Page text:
Hitchcock’s contract with Selznick finally came to an end in 1948. Freed to make films for his independent company, Transatlantic Films, he chose to do an adaptation of Patrick Hamilton’s controversial West End hit Rope’s End. To make the experience less stage bound Hitch decided to shoot the retitled Rope in eight separate ten minute takes. In order to make this daring technical experiment work the set was laid-out with a maze of trolley tracks and pull-away walls and doors, so the camera could follow the actors. The content was daring as well.
Loosely based on the Leopold-Loeb murder case of the 1920s, the story follows the titillating plight of Brandon Shaw (John Dall) and Phillip Morgan (Farley Granger) two rich and idle young men who have just murdered former classmate David Kentley (Dick Hogan) just for the hell of it. Instead of immediately disposing of the body they stuff it in a chest in their apartment where they will be holding a dinner party that evening. The guests, including David’s father (Sir Cedric Hardwicke) wonder what’s keeping the younger Kentley since he is never late. Over drinks Rupert Cadell (James Stewart), the boys’ former professor, spouts out a Nietzchean Superman philosophy, disturbing the guests and the sensitive Phillip. Rupert senses something is awry and once the guests leave he drills the boys until he finally discovers the murder.
Stripped of the play’s homosexual subtext and Hitchcock’s suspenseful use of montage, Rope is a fairly bloodless affair. In a role originally intended for the sexually ambivalent Cary Grant, guy’s guy James Stewart is miscast as the mentor who may (as suggested in the play) have had an affair with either Dall or Granger (who were both gay in real life). The incessant camera tracking only succeeds in accentuating every key movement and character motivation, making scenes drag where they should soar. Notorious for falling asleep on the set of his movies, one wonders if Hitch did such radical experiments in order to stay interested in the shooting process. The results fly in the face of his expertise in subjective filmmaking which thankfully he would return to with a vengeance in the 1950s.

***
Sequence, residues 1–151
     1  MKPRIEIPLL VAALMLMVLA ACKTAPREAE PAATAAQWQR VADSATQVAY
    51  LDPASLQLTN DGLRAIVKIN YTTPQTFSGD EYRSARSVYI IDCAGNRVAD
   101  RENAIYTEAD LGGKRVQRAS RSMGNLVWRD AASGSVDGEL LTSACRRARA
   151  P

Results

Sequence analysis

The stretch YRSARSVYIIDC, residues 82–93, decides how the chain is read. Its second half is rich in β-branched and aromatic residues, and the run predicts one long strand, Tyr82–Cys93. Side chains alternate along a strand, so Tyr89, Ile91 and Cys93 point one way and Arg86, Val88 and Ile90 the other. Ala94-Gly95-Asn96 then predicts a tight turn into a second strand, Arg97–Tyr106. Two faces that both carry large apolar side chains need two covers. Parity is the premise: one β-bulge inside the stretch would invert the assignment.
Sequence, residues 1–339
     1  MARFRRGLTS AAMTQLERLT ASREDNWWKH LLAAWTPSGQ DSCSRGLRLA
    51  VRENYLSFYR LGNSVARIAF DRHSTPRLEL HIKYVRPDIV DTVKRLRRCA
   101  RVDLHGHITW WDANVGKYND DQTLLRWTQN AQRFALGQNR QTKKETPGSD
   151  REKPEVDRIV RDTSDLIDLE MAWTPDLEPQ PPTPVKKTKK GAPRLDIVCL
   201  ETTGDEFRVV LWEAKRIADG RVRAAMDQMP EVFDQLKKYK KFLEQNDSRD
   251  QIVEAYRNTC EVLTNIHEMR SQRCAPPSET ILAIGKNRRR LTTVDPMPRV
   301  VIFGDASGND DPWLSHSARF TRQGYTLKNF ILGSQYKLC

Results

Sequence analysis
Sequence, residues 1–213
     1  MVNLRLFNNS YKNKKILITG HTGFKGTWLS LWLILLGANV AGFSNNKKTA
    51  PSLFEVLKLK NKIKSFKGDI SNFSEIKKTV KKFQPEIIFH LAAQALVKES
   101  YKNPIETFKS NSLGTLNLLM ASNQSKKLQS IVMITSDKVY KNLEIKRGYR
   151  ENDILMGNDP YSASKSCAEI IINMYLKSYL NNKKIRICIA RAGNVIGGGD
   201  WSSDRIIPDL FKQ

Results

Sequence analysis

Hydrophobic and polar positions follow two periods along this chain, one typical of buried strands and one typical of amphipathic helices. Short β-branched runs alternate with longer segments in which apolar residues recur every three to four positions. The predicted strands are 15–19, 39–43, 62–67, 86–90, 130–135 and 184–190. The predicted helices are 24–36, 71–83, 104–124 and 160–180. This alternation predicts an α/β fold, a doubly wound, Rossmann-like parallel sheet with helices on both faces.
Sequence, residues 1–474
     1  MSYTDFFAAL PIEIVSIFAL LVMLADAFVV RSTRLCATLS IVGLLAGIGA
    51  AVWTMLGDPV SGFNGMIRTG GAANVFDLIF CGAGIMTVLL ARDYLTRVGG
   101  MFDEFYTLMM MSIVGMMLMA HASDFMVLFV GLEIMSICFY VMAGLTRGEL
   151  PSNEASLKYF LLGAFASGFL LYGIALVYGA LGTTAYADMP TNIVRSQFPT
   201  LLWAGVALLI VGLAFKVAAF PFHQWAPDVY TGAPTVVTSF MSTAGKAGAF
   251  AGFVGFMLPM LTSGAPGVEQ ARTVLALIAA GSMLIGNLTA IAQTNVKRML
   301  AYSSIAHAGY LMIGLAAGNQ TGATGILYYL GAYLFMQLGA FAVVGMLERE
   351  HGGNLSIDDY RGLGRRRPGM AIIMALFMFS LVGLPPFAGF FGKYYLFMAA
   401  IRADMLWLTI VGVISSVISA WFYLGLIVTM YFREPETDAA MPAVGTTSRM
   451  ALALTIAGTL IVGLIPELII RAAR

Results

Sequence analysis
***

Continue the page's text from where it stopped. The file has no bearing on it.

After the disappointing public and critical reception for Rope, Hitchcock plunged into something completely different, the lavish costume drama set in 1831 Australia (but shot mostly in London), Under Capricorn. Based on a novel by Helen Simpson Hitchcock Hitchcock cast Ingrid Bergman in the role Lady Henrietta Flusky, an Irish aristocrat who caused a great scandal when she married the stable boy Sam Flusky (Joseph Cotten) who killed her brother. Henrietta follows Sam to a prison colony in Australia, but after he gets out of jail they find the fire between them has gone out.
Over time, Sam becomes a land baron while Henrietta drowns her sorrows in their chilly mansion. Sam becomes friends with another Irish expatriate Charles Adare (Michael Wilding) who has come Down Under in search of fortune. Adare takes a fancy to Henrietta and with Sam’s blessing he tries to bring the faded beauty out of her shell much to the consternation of his cousin the Governor (Cecil Parker). Inevitably, prejudice and petty jealousy make Henrietta’s return to social graces impossible, so when Sam shoots Adare after an argument his wife tries to save him from a trip to the gallows by confessing she, not Sam, had killed her brother back in Ireland.